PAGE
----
In Ivory Coast, the wife of former President Laurent Gbagbo goes on trial Tuesday. Simone Gbagbo, also known as the “Iron Lady”, is accused of crimes against humanity, prisoners of war, and the civilian population for her alleged role in that country’s 2010 post-election violence that killed more than 3,000 people.
She already has been handed a 20 year jail sentence for "attacking state authority."
Her husband, former President Laurent Gbagbo and his former youth minister Charles Ble Goude, are currently on trial at the International Criminal Court (ICC) in the Hague, for their alleged roles in the 2010 post-election violence aimed at keeping the former president in office after he lost the election to current president Alassane Ouattara.
Meanwhile, human rights groups acting as plaintiffs in Mrs. Gbagbo’s trial Monday, withdrew from the case, saying their lawyers had not had access to all stages of the procedures.
Boubacar Kone, interim spokesman of the Ivorian Popular Front Party, said Mrs. Gbagbo is not guilty of any crime, and the case against her is political and judicial harassment.
“Obviously this is seen as a total harassment. It is both political and judicial harassment. Mr. Gbagbo is being tried in The Hague; his wife is also being harassed here as well as his own son, but the facts are not there. Mrs. Gbagbo is not guilty of whatever crime she’s being charged with. This is why I say it is just harassment, pure harassment,” he said.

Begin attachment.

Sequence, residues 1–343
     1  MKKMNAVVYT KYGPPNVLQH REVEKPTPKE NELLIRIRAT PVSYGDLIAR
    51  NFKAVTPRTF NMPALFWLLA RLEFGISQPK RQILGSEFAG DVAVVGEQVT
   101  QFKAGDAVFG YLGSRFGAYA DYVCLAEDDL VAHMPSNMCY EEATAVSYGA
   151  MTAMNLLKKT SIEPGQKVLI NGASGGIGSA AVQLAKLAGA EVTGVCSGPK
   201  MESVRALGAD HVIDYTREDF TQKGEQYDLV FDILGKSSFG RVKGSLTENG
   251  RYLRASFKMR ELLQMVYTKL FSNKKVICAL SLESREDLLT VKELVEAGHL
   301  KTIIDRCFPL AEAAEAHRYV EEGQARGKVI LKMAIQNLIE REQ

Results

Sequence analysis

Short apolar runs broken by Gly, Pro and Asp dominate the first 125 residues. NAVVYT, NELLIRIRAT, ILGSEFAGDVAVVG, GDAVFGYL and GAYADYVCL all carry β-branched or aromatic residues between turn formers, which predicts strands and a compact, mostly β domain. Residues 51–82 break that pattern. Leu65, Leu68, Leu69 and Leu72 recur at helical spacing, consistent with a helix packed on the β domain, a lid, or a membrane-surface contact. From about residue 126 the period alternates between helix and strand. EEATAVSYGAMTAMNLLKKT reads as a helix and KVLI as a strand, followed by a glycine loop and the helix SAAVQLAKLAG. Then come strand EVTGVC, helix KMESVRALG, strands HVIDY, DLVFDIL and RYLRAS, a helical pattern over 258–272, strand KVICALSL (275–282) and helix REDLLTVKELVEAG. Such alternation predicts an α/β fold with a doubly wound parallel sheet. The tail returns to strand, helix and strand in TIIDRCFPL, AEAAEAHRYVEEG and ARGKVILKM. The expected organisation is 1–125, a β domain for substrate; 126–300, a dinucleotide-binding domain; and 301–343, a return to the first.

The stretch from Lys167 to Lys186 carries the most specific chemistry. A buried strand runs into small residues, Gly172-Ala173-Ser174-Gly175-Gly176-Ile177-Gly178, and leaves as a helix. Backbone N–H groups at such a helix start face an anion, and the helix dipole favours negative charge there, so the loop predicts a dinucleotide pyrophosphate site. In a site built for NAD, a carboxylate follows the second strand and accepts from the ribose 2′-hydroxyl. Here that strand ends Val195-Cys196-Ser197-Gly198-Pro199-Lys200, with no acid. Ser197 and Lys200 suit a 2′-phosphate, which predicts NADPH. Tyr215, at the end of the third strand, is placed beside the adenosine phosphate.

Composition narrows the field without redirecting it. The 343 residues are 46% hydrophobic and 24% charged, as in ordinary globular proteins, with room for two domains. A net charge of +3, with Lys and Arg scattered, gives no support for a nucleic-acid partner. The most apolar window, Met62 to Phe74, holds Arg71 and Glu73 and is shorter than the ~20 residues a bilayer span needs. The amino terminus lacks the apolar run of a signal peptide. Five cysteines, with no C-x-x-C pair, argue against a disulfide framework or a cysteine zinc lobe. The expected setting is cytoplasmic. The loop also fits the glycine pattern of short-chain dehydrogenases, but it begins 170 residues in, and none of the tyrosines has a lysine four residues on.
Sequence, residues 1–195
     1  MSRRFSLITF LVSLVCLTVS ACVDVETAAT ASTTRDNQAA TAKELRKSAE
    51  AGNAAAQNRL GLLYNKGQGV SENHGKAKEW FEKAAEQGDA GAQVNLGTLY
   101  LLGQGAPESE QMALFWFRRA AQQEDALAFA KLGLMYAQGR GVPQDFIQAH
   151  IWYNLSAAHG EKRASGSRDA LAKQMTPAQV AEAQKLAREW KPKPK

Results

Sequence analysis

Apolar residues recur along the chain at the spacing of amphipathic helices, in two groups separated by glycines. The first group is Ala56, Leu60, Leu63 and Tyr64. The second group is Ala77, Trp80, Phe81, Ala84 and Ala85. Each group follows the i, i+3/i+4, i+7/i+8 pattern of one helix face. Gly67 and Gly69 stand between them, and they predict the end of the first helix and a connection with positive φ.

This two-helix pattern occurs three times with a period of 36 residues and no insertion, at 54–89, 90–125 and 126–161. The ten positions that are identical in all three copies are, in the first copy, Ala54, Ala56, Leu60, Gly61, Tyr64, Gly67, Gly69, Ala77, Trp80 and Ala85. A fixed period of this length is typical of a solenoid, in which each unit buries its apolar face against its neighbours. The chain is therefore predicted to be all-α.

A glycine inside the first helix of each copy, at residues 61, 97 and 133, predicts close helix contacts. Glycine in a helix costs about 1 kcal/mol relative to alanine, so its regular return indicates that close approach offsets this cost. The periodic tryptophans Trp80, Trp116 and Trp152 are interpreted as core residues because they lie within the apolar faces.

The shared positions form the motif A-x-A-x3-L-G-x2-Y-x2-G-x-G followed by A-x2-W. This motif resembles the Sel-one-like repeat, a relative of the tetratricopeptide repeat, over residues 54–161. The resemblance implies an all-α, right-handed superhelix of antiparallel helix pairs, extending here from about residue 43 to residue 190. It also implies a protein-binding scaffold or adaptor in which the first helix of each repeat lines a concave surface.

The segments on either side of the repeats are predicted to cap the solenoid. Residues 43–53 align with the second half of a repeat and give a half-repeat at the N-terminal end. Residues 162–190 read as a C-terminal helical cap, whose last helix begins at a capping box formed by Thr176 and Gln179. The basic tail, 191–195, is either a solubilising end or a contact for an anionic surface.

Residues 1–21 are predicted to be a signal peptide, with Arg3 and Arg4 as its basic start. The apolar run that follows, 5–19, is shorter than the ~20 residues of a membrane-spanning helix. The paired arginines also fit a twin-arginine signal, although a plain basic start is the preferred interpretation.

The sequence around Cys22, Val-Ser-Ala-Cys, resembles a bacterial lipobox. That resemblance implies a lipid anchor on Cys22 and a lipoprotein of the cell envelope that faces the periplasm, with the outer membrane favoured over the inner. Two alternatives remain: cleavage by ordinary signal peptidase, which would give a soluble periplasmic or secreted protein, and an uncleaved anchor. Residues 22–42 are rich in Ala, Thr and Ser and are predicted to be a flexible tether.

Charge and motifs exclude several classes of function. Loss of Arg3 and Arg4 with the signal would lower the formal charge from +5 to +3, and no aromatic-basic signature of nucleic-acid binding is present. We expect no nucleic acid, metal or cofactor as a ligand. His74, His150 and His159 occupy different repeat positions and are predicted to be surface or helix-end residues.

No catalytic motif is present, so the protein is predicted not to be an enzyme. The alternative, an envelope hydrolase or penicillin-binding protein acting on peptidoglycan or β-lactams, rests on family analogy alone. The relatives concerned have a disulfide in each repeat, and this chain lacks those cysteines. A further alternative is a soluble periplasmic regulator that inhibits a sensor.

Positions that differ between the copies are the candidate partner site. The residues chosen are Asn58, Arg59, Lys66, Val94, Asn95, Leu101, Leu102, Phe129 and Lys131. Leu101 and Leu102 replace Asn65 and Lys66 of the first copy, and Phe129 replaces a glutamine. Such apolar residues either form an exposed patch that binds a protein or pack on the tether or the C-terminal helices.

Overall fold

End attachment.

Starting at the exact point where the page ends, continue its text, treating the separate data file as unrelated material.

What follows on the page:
President Ouattara announced in February that he was no longer going to send any more Ivoirians to the ICC because he said Ivory Coast now has “an operational justice system”.
But Kone said President Ouattara is trying to neutralize mounting international demands for some of his supporters to also be prosecuted by the ICC.
"My understanding is that Ouattara doesn’t want reconciliation and that he is just simply trying to protect his own people from being prosecuted by the ICC because people around the world have been critical about the ICC being unfair because they are investigating only one side of the conflict,” Kone said.
Kone said Gbagbo cannot get justice.
“The trial is definitely and absolutely unfair in the sense that even the judges are under terrible pressure to do everything that is being said, and they are not reading the law. In criminal law, the facts must be easily verifiable, but Mrs. Gbagbo is not guilty of anything she’s charged with,” he said.
Kone said Gbagbo could never have committed the acts for which she is being charged.
Kone said he and others will be at the court to support Gbagbo.